Monday, August 10, 2009

Dehydration

By Flea - Be A Survivor

The weather this year has been warm in certain areas of the country where folks just aren’t used to that. I felt I should probably do a quick post on dehydration which can ruin your day very quickly if not addressed.

Put quite simple dehydration is losing more fluid and salts than you take in. As your body attempts to cool down using sweat, fluid is released and lost from your body. You need to replace that fluid by drinking on a regular basis or you will enter the early stages of dehydration.

You should drink whether you are thirsty or not when exerting yourself and sweating, by the time you “feel” thirst you are already in the beginning stages of dehydration.

Common causes of dehydration (not related to sweating and physical exertion) are:
Diarrhea (very serious in infants and young children).
Excessive vomiting
Fever
Inadequate intake of fluids (you don’t even have to be physically active)

The symptoms of dehydration are:
Dry mouth
Tiredness
Thirst
Not urinating or urinating very dark fouls smelling urine (water dilutes urea)
Weakness
Delirium
Not sweating (VERY serious if you should be sweating)

If you are physically exerting yourself and you stop sweating you need to get to a doctor right away, you are most likely entering into heat stroke and you will die if you don’t get medical attention promptly. Not sweating means your body has shut down its last and best defense against over heating and no has NO WAY of cooling you going forward.

The best way to ensure this never happens to you is to not let it get out of hand in the first place. Drink plenty of water everyday to ensure your body is well hydrated. Learn to recognize when you are over doing it and immediately stop what you are doing, find a cools spot and drink some fluids to get your temperature regulated and your body rehydrated.

Pay attention to those around you as well and ensure they monitor the intake of their own fluids so you don’t end up have to play doctor in a very serious medical emergency. Lastly always keep an eye on children as they can easily forget to stay hydrated if you don’t remind them.

...that is all.

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6 comments:

  1. I always drink lots of water if I'm working outside in the head. Great post.

    matthiasj
    Kentucky Preppers Network

    ReplyDelete
  2. Good post. Important topic.

    Here in the northwest corner of Wyoming we have very low humidity, which contributes to the potential for dehydration. A good rule of thumb that has served me well for many years... if I don't have the urge to urinate every two hours (approximately) I am not drinking sufficient quantities of liquids.

    Also be cautious because water doesn't replenish electrolytes and drinking only water can create other health issues.

    ReplyDelete
  3. Hydration in hot weather
    I add 1/2 teaspoon Morton LiteSalt to my 2 liter backpack canteen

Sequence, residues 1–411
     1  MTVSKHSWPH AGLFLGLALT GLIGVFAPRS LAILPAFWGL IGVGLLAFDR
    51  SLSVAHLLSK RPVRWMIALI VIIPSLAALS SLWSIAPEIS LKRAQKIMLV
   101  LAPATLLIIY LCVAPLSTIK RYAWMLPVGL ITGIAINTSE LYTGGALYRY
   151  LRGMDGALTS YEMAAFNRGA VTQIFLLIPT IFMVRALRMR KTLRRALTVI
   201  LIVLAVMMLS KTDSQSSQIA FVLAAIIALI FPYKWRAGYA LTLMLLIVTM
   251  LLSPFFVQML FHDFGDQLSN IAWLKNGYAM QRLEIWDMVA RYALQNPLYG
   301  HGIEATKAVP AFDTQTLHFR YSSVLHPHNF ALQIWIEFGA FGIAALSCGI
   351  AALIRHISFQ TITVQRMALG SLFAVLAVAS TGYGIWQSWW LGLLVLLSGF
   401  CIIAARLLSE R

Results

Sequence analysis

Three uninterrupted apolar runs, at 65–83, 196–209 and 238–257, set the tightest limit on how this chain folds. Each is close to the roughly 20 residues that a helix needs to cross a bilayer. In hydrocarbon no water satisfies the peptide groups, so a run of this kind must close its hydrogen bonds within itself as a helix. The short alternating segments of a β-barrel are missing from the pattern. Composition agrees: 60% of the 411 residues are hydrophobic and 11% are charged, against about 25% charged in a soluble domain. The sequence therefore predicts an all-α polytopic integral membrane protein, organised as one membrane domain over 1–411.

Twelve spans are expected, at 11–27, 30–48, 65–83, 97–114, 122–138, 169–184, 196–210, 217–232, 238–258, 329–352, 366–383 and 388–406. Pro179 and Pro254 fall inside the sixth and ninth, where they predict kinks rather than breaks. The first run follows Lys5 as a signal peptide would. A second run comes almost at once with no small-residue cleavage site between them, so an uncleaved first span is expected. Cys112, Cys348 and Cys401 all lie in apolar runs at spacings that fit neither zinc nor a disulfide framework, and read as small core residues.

page 118 Let's Eat Right by Adelle Davis
    Under normal circumstances, a healthy person runs little risk of deficiencies of sodium and chlorine. In extremely hot weather, however, so much salt can be lost through perspiration that death may occur.
    Death from salt deficiency occured during the construction of Boulder Dam and similiar projects. During the blistering summer of 1933 I corresponded with an engineer who was working on Parker Dam. Each letter contained some such note as, "We had a wonderful cook but he died yesterday of sunstroke." The symptoms of sunstroke are now recognized as caused largely by loss of salt through perspiration.
    A lack of salt causes symptoms varying in severity from mild lassitude, weariness, or hot-weather fatigue, common during heat waves, to heat cramp, heat exhaustion, and heatstroke, familiar to those who work in iron foundries, furnace or boiler rooms, and industrial plants such as steel or paper mills. Even persons who play tennis or take similar exercise during hot weather may suffer from heat stroke.
    Persons working in extremely hot weather are often advised to take a salt tablet with each drink of water.
    page 187 there are three nutrients - potassium, sodium and chlorine which we need in quite large amounts. Sodium and chlorine are supplied by tablet salt. Potassium is widely occuring in vegetables, fruits, whole grains, nuts and meats.

    Morton LiteSalt 11 oz about 99c
    1 oz = 6 teaspooons
    11 oz = 66 teaspoons= 76,560 mg sodium, and 89,760 mg potassium
    1/4 teaspoon serving
    290 mg sodium
    340 mg potassium
    40% iodine
    If you put one teaspoon Morton LiteSalt per gallon of water, an 8 oz serving will contain 72 mg Sodium, and 85 mg Potassium.
    8 oz of Gatorade
    contains 110 mg sodium, 30 mg potassium. (per Gatorade label.)

    ReplyDelete
  4. When I was in the service...we were made to take salt tablets all the time when drilling. In San Antonio during the Summer at Lackland Air Force Base, so you know it was hot.

    Always good to remind folks to drink plenty of fluids during hot weather!

    ReplyDelete
  5. If you are looking for a great way to stay fed in extreme survival situations, check out: http://www.naturaltrap.blogspot.com

    ReplyDelete
  6. http://www.rehydrate.org/solutions/homemade.htm

    Good stuff, some set for small children

    Hope it helps. Oh yeah Gatorade is not for small kids, for that, use Pedialyte. Gatorade is too harsh for kids. Feel free to check with your MD or Pediatrician.

    ReplyDelete